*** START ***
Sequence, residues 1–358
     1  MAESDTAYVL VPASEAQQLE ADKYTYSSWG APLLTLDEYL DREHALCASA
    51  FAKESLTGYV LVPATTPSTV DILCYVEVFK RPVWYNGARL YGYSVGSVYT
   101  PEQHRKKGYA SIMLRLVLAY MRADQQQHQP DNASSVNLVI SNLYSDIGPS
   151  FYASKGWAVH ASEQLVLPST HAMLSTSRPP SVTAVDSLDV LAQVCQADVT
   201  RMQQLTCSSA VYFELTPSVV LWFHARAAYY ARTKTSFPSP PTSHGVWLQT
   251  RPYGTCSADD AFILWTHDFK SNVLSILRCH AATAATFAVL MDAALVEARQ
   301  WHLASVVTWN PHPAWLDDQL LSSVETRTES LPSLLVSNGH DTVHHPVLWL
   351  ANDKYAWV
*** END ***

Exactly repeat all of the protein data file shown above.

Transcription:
Sequence, residues 1–358
     1  MAESDTAYVL VPASEAQQLE ADKYTYSSWG APLLTLDEYL DREHALCASA
    51  FAKESLTGYV LVPATTPSTV DILCYVEVFK RPVWYNGARL YGYSVGSVYT
   101  PEQHRKKGYA SIMLRLVLAY MRADQQQHQP DNASSVNLVI SNLYSDIGPS
   151  FYASKGWAVH ASEQLVLPST HAMLSTSRPP SVTAVDSLDV LAQVCQADVT
   201  RMQQLTCSSA VYFELTPSVV LWFHARAAYY ARTKTSFPSP PTSHGVWLQT
   251  RPYGTCSADD AFILWTHDFK SNVLSILRCH AATAATFAVL MDAALVEARQ
   301  WHLASVVTWN PHPAWLDDQL LSSVETRTES LPSLLVSNGH DTVHHPVLWL
   351  ANDKYAWV